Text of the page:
Early this year, His Holiness Pope Benedict resigned as head of the Catholic Church. Immediately it became known that an African was among the front-runners to succeed him as the Pope. That African was none other than our own son, His Eminence Cardinal Peter Appiah Turkson. Can you imagine what it would have meant for this country for our own native from Oguaa to lead the entire flock of Christendom as the successor to St. Peter the Apostle? I expected this awesome prospect to capture the national mood and send us all into a period of prayer and fasting for our distinguished son to be granted the grace and favour of Our Lord. Yet what did I see?
In all of Latin America, not only Catholics but all Christians went into prayer and vigil, praying to God to anoint one of their own to take on the Holy mantle. In Ghana, I invite you to revert to the media during those weeks to find what news dominated the airwaves. Here was the story that should have rallied all Ghanaians together, but no, Cardinal Turkson is not a politician, his position is not important to the NDC or NPP so the prospect of him becoming a Pope was treated in the media almost as a non-event. Of the thousands of media men and women who converged on Rome for the elections, not one was from Ghana. That is as perverse as our sense of values has become. And what else can we blame but our compulsive obsession with politics, politics and nothing but politics.
You see, when the air waves were opened up to allow for multi fm radio stations, we all felt pride in the expansion of the frontiers of freedom. But don’t we now wonder what this has truly meant?. If we are honest, we must be feeling as though we are all encapsulated in a hot air balloon, adrift on the horizon, our senses numbed, our nerves rattled and our emotions outraged by a ceaseless cacophony of noxious party propaganda. The air we breathe is polluted with party propaganda. There is no issue that is not reduced to the level of party propaganda.
Mr. Chairman, you recall our experience with the One Party state when it was proclaimed that the Party is supreme. We thought we had closed that chapter and yet if we need another slogan for what we have today, it can only be: The Party is our Life. Such is the stranglehold the Party has on our lives we seem to have no room for sober independent thinking and no scope for the enquiring mind and intellectual discernment. In effect, we have tossed true scholarship and sound intellectual discourse to the bin basket. We have pushed Ghana into the age of the howlers, typified by the emergence of a new profession: the professional serial caller whose mantle appears to be to torment our ears with venom on behalf of their party masters. They are foisting on the nation a new culture—a culture of insult and abuse in the name of free speech and accountability.
The leaders we choose to manage our affairs, in or out of government, are daily at the mercy of this new breed of howlers and their culture of insult and abuse. I believe this cannot be right and these leaders at all levels and from sides of the political divide deserve to be protected from the abusers. But then I wonder who the abusers are and who is funding the serial callers?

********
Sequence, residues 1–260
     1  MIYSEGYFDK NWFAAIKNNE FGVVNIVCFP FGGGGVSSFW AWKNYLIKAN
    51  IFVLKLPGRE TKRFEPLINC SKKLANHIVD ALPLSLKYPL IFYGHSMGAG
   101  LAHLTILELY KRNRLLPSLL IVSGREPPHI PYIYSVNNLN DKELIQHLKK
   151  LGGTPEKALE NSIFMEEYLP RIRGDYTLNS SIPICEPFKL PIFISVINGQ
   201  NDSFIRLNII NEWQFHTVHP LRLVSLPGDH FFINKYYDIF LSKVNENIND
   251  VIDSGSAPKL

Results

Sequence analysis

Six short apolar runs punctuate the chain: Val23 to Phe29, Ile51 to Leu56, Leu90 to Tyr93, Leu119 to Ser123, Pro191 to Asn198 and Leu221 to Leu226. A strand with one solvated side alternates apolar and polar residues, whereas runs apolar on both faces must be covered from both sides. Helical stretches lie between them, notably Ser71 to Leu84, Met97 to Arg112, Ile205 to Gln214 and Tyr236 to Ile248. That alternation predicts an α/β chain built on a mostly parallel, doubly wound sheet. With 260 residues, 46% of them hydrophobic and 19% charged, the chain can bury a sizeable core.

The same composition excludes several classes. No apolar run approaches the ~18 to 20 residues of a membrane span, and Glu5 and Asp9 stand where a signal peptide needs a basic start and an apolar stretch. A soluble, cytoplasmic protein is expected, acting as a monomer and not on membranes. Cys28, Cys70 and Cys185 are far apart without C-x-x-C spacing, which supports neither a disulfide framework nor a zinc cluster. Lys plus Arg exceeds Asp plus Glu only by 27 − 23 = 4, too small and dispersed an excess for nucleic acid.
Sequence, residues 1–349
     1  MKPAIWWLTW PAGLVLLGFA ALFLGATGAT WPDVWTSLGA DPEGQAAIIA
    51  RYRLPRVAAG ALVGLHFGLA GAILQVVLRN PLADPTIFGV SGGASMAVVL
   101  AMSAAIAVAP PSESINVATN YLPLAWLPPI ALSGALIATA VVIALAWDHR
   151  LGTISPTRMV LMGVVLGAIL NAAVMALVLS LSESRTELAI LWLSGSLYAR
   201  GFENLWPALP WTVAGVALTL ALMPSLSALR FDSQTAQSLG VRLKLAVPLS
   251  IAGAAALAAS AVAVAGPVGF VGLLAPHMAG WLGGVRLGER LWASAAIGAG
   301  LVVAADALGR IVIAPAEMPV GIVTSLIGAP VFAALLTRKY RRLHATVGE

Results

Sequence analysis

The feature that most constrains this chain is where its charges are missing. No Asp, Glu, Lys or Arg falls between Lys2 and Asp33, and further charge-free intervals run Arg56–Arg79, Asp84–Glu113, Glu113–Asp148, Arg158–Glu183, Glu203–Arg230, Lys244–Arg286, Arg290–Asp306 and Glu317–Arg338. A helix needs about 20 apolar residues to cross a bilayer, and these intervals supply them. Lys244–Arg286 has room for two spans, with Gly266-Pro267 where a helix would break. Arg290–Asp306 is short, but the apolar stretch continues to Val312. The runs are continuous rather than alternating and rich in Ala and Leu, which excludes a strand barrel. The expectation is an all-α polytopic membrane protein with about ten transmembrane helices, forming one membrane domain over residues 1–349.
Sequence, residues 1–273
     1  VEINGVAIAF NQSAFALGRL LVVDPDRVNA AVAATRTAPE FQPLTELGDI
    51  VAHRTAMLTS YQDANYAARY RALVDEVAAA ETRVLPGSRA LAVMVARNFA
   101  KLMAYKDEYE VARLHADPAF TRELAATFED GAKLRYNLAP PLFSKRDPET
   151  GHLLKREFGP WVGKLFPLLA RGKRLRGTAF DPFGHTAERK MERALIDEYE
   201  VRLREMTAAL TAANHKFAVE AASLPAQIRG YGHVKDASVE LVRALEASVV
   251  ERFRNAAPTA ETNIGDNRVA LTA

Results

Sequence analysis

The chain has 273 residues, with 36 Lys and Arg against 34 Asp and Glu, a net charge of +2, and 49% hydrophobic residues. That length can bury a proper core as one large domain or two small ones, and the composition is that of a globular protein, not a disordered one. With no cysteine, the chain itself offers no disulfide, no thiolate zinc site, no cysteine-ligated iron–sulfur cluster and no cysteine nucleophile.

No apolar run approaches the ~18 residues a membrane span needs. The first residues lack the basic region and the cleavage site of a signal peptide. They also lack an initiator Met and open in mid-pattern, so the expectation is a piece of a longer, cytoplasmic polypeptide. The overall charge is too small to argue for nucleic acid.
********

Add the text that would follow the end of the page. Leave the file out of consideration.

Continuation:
You see, I recall the well-known saying of one of the country’s most remarkable politicians of the past, the late Krobo Edusei. “When a joker jokes a joker, God laughs” Sometimes, it is tempting to think God must be having a good laugh at the plight of politicians who are victims of such abuse because the truth is both the victim and the abuser are from the same stock. It is the same people, the same politicians, who are funding and sustaining the new breed of serial callers. It is the same politicians who, whether they call themselves communicators or propagandists, are unleashing the blatant lies and malicious gossip on each other. So what else can God do but laugh watching the perpetrator jump in glee while the victim frets with anxiety. Sadly, we can’t afford the luxury of simply laughing at their woes.
For what is happening is dangerous for our future. Freedom of speech has never meant freedom to insult or defame without just cause. In the most liberal environment every citizen is entitled to the protection of his honor and integrity and the citizen does not lose that right because he offers to serve his nation. Yes, we must hold them accountable but accountable for what they do, not for what others concoct about them.
This is another symptom of the plague we are trying to diagonise. In the 20 years since the restoration of multi-party democracy, the one unchanging feature of national politics has been scandal. Every government has been affected by scandal, some true and possibly well-deserved but others blatantly and maliciously contrived. They have all been taken so seriously as to affect how people vote in national elections. Every party in opposition benefits from scandal-mongering only to find themselves at the receiving end when the scale of electoral fortunes change. It will be instructive to understand why.
Every government we have had has begun its life by trying to demonise its predecessor. It is the way they seek to consolidate their hold on power. What they do not realize is this: if you wean a people on a diet of scandal, you should not be surprised if they grow up with no appetite for good news. And that again is the burden every government of Ghana now faces.